Hey you, over there! Yeah, that’s right, you with your head in your phone. If only you lifted your head once in a while! You can risk tripping on the rickety sidewalks of the capital and look up and enjoy the scenery bit. You will find that Brussels is an open air museum where street art has found a home.
When BrusselsLife meets crayons
BrusselsLife took their own advice and put away their cell phones to appreciate the city landscape. Right away we were bombarded with graffiti… of pencils! You might be thinking, “Hmm, I know I’ve seen something like that somewhere… but I can’t put my finger on where…”
Once we became conscious of the fact, we too started noticing this pencil theme everywhere in Brussels: on walls, store blinds, electrical boxes, telephone stalls… all the way to the outskirts of the highway! According to records, there are close to 400 pieces of pieces graffiti art in the city. The numbers are always changing as the paintings disappear and reappear and as the city evolves.
Since the end of summer 2010, pencils have been showing up in waves in Brussels. Yves Calomme, specialist in this phenomenon, explains what he has observed over time: “The evolution of the pencil has gone through many stages. In the beginning, they were simple and sharp. Then they gradually started to be drawn around the corners of walls. The artist added legs to them, made them into lady bugs, made them into Indiana Jones. Then they were drawn undressing themselves and even riding a camel…”
Who is behind this aerosol art?
We never know where the art will show up next. Nor can we guess the form that the next pencil will take. The artist sneaks during the night to spray these little colorful sticks. And like magic, when the sun rises, your street is marked with an original drawing.
The hot question: who is this graffiti artist? Unfortunately nobody knows or wants to know the response. Graffiti is a bit of a sketchy subject, since the authorities are always keeping an eye on these sorts of things.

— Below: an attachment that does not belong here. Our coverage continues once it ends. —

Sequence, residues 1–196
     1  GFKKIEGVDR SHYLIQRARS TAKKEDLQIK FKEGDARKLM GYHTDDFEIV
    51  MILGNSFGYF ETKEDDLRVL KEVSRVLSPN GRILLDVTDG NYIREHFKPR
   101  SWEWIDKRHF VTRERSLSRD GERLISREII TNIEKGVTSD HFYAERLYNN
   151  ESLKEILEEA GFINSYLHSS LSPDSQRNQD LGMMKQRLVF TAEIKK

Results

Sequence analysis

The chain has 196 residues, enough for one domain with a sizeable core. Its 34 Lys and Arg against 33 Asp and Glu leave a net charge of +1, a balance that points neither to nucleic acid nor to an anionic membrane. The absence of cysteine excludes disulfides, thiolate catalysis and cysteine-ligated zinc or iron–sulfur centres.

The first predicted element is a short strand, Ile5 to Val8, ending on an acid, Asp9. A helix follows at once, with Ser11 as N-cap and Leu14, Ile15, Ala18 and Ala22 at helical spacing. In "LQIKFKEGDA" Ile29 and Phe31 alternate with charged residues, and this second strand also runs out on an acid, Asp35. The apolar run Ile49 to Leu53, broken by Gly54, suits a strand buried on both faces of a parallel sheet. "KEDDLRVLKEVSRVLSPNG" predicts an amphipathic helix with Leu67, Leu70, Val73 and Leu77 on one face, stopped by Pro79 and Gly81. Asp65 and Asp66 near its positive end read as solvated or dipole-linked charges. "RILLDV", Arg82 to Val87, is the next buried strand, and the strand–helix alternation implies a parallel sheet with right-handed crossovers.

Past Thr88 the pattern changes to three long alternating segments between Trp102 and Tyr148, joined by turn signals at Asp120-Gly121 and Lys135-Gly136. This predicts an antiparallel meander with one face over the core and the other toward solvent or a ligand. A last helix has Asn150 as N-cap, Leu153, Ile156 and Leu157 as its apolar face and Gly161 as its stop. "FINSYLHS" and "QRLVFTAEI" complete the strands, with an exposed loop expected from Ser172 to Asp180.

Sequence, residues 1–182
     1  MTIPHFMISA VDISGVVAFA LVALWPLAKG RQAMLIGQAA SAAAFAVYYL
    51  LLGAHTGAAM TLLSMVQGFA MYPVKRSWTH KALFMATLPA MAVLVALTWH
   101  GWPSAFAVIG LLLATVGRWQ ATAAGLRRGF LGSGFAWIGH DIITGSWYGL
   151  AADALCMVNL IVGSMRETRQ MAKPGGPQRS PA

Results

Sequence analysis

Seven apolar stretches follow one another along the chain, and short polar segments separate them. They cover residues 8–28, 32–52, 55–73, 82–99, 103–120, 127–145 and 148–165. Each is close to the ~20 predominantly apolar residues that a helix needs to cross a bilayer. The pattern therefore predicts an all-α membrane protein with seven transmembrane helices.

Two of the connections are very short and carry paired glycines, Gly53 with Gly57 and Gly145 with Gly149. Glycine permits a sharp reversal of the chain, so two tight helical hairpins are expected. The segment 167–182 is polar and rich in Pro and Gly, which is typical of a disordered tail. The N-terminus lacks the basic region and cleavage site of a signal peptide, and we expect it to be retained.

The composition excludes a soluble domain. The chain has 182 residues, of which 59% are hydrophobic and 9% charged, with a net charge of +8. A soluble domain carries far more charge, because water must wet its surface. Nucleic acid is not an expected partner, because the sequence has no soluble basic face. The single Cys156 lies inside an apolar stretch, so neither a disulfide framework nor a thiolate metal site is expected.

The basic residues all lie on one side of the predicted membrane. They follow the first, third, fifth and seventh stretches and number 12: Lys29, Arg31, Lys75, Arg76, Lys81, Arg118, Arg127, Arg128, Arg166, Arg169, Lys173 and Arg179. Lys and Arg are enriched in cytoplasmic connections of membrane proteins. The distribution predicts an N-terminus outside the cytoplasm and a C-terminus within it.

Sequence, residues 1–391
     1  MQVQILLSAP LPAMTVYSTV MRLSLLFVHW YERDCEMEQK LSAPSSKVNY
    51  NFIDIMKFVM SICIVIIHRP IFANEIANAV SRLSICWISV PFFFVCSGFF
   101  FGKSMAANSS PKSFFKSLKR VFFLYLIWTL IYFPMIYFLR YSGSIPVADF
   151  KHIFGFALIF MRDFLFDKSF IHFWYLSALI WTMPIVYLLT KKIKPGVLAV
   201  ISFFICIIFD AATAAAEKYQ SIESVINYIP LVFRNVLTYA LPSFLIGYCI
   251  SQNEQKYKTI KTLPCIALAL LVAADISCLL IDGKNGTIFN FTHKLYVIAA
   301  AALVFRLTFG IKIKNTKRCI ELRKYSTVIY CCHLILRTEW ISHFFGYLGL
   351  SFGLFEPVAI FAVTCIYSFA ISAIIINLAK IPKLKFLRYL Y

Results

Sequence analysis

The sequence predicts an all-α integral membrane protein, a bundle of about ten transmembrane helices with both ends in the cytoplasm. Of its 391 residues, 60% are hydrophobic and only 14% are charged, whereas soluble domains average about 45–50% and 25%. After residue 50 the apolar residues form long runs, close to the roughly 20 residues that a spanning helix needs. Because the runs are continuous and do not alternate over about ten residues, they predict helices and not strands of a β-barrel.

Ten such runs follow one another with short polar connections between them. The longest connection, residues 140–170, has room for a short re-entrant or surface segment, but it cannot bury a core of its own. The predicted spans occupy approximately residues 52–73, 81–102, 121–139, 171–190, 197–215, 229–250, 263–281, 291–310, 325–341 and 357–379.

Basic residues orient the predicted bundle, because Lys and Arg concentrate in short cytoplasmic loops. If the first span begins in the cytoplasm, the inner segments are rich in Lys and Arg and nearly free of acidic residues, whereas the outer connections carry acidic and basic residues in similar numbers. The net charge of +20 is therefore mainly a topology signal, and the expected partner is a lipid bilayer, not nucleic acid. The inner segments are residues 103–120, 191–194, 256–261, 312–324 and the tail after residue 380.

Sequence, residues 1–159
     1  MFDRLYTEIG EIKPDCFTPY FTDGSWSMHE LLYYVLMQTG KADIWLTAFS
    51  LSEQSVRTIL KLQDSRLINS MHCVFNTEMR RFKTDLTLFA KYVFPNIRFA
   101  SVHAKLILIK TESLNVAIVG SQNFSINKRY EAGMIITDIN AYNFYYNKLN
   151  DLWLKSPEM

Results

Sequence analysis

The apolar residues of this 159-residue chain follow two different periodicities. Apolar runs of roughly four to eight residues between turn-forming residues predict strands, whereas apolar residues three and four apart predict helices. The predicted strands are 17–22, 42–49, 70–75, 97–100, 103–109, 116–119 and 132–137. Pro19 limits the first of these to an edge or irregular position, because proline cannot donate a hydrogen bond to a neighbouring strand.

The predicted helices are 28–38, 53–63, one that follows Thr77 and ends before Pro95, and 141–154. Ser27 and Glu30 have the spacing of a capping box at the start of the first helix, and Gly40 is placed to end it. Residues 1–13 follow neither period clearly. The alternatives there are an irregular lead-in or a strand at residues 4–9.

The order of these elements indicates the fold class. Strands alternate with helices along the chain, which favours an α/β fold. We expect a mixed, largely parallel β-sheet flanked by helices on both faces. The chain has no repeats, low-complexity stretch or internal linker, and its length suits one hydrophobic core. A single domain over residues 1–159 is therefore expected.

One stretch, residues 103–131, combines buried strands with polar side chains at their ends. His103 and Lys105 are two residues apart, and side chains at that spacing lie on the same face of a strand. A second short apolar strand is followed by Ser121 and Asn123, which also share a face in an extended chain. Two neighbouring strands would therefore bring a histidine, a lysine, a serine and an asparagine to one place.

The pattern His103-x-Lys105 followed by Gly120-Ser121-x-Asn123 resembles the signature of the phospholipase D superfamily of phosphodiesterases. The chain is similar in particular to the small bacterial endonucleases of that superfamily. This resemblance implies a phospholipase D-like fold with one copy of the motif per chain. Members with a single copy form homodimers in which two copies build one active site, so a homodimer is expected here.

There is thought to be several artists responsible. Connoisseurs have managed to distinguish different stroke styles in the drawings. Certain ones are more detailed than others. According to Yves Calomme, “There is collaboration between the artists. They communicate with each other. There is an exchange going on concerning this pencil graffiti.”
The artists’ identities are still a mystery, but sometimes we can find names sprayed on the side, such as Korsa, Bart or Fist.
Secrets from the experts
Since we aren’t able to put a name to the artists, we found the next best thing – three street art enthusiasts who told us their experience. They know these pencils like the back of their hands.
We can introduce Phil as a pencil hunter. After he found several in his neighborhood and then added pictures of them to his blog, his friends told him about others. “I quickly found myself with 20, 30, 50 pencils to work with! This artist is everywhere. I really appreciate the poetic and creative side of these pencils.”
“At the end of October after about 2 or 3 months of hunting, a slightly crazy idea came to me: I posted a comment to my pencil album on Flickr saying, ‘It’s my birthday in June, I live on rue Untel… if you could draw a pencil for me in my street I would be the happiest person around!’ And then at the end of December 2010, I went out to get some bread, and I stumbled across a pencil that was dedicated to me.” Since then, Phil has continued to collect photos of the pencils on his Flickr account. “I’ve gathered close to 400.”
Yves Calomme loves this city. He explores every inch of the city in order to discover all urban art. In all of his wonderings, he has definitely not overlooked the pencil graffiti: “I really like it. It’s funny and well-done. And it’s always evolving too.”
He puts his pictures together on Facebook. “At the start, the pencils were concentrated in the Ixelles district mostly on rue de Collège, rue Van Aa and around Saint-Boniface. One day Phil found a pencil that was dedicated to me on a trash bin in Ixelles. But right now the bin has been moved, and I don’t know where it went. Maybe someone has seen it somewhere...?”
Bastien De Zutter is the third enthusiast that we met. “I like the idea that you can attribute different themes to the pencils. This subject allows for plenty of positive, happy and fun associations… I also like the relationship with games and childhood. I think that was a good choice.”
Bastien is a sporty guy at heart. In October 2012 he organized a pencil marathon, a run around the city that visits 77 drawings. He widely distributed all the information about the event and the itinerary of the day. “When I started getting to know the route in the weeks beforehand, I saw new pencils on the route that I had established.”
The pencil art is not only a game between the artists but between the collectors as well. The goal is to hunt down graffiti that has not yet been discovered in the most far out and random places, even abroad. Pencil art was discovered as far as Barcelona and Amsterdam, probably where one of the artists was vacationing.
So this is a game open for everyone; it is up to you to be the first to notice the new paintings!
Pencils are an infamous part of street art in Brussels. Next time, we will dive into the collection of octopi which are often signed by “olo.”